Wednesday, September 01, 2010

Defense: Interest and concern over Chinese naval visit to Myanmar

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At a time when there is already concern over the increasing assertiveness of the Chinese Navy in the South and East China Seas, the first port call by two ships of the Chinese Navy in Myanmar while on their way back from anti-piracy patrols in the Gulf has aroused considerable interest and some concern in the neighbouring countries.

2.China has a long history of army-army cooperation with Myanmar, including a militaery supply relationship. It has also been helping Myanmar in building an oil/gas terminal at Kyaukpu off the Arakan coast. The new port, when completed, will place three modern ports at the disposal of China----the other two being Gwadar on the Mekran coast of Pakistan and Hambantota in Sri Lanka. The Bangladesh Government is interested in securing Chinese assistance for the modernisation of the Chittagong port.

3.Till now, the Chinese authorities and the Governments of Sri Lanka, Myanmar and Bangladesh have projected these ports as purely commercial ventures with no naval significance. Only Pakistan makes no secret of the significance of Gwadar for the navies of Pakistan and China. It hopes that a modern naval base at Gwadar will give the Pakistan Navy a strategic depth by reducing its dependence on the Karachi port, which is vulnerable to attacks by the Indian Navy. It is prepared to offer the proposed naval base at Gwadar to the Chinese Navy for use by its naval ships visiting the Indian Ocean and the Gulf.

4.Some retired Chinese naval officers are of the view that a viable Indian Ocean fleet for their navy would require forward bases in this area. How to acquire such bases without adding to the alarm of the US, which is already talking of the Chinese assertiveness in the Indian Ocean area as Admiral Mike Mullen, Chairman, US Joint Chiefs of Staff, did during his recent visit to New Delhi? The Chinese have not yet openly reacted to his comments though they reacted quickly and vehemently to the comments of Mrs.Hillary Clinton, the US Secretary of State, on the Chinese naval assertiveness in the South China Sea at the recent Asean Regional Forum meeting at Hanoi.

5.The US view of the Chinese intentions in the Indian Ocean are still confused despite the lucid remarks of Admiral Mullen. While he was clear and forthcoming, Ms.Michele Flournoy, the US Under-Secretary of Defence, was not that forthcoming during her visit to Delhi in the third week of August to prepare for the forthcoming visit of Shri A.K.Antony, our Defence Minister, to the US. She avoided any reference to the Chinese activities in the Indian Ocean area.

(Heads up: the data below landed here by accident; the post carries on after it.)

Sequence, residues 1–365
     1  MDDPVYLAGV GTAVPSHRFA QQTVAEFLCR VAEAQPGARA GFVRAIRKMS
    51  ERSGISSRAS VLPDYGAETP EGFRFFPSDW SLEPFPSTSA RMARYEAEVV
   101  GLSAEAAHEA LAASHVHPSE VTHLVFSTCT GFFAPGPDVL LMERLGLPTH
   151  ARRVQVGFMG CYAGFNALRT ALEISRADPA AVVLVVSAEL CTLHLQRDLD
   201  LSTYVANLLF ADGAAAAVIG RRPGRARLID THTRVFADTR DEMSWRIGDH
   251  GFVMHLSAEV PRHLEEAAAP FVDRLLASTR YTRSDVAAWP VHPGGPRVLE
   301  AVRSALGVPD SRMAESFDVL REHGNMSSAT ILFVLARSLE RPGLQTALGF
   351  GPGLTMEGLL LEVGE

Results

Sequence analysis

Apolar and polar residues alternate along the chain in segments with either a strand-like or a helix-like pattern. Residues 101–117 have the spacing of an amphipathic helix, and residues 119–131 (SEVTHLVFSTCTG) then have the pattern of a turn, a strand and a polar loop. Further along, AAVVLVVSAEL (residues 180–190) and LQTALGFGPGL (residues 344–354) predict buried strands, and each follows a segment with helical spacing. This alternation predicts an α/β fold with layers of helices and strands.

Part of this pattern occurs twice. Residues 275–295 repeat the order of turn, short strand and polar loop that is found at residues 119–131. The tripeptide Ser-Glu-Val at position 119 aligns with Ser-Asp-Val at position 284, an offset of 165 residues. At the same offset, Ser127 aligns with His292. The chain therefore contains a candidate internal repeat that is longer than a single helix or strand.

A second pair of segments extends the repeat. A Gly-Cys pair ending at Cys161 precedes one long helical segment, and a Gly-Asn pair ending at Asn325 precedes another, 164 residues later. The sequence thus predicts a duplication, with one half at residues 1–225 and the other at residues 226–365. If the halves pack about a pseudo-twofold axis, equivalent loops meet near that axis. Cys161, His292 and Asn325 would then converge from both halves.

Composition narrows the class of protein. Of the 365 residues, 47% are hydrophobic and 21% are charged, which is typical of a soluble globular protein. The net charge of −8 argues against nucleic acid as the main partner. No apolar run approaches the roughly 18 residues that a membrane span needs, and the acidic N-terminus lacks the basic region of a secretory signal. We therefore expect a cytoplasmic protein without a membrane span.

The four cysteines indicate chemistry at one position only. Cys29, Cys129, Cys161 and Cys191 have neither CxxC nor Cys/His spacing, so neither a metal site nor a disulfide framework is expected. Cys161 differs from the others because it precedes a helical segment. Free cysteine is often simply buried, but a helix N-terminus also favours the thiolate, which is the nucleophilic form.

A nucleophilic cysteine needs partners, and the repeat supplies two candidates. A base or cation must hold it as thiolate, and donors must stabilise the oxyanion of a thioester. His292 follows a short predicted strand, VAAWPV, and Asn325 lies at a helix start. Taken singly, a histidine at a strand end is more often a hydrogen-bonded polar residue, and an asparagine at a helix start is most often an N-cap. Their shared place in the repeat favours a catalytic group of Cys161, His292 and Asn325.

6.Her remarks could be interpreted as discouraging any Indian expectation of major Indo-US naval co-operation against Chinese forays into the Indian Ocean as one of the possible results of the forthcoming visit of President Barack Obama to New Delhi coming November. She reportedly told the Indian media on August 10: " There has been tremendous progress in the number of joint exercises, but the need is to make them meaningful so that they are reflective of the real world situation....The exercises must prepare both sides to jointly undertake counter-piracy operations, humanitarian assistance and disaster relief. We also have to respond to maritime security and freedom of navigation against those contesting the accepted rules of the world. We will have to work to prevent that. We have to be prepared in terms of capability."

7.The visit of the two Chinese naval ships to the Yangon port in Myanmar must have been under preparation for some time and could not have been the Chinese way of reacting to the pronouncements of US officials while visiting New Delhi. At the same time, the port call in Myanmar proclaims openly the beginning of Chinese activism, if not assertiveness, in the Indian Ocean region.

8.The Chinese have taken note of the speculation in India and elsewhere as to what the port visit portends. Is it an innocent halt while returning home from the Gulf or does it have a strategic significance? Is it meant to convey a message to the US and the Indian Navies that China has core interests in the Indian Ocean too as it has in the South and East China Seas? This subject should figure in the agenda of the forthcoming talks with Mr.Obama when he visits New Delhi.

9.To calm any frenzied speculation over the Chinese intention, the Party-owned "Global Times", in an editoriial on September 1, has proposed a naval trust-building exercise among the Asian navies.

10.This may pleae be read in continuation of my article dated July 24,2010, titled MONITORING CHINA'S NAVAL ASSERTIVENESS at and article dated August 10,2010, titled "CHINA: A Wake-Up Call for Vietnam & India" at (1-9-10)

The writer is Additional Secretary (retd), Cabinet Secretariat, Govt. of India, New Delhi, and, presently, Director, Institute For Topical Studies, Chennai, and Associate of the Chennai Centre For China Studies.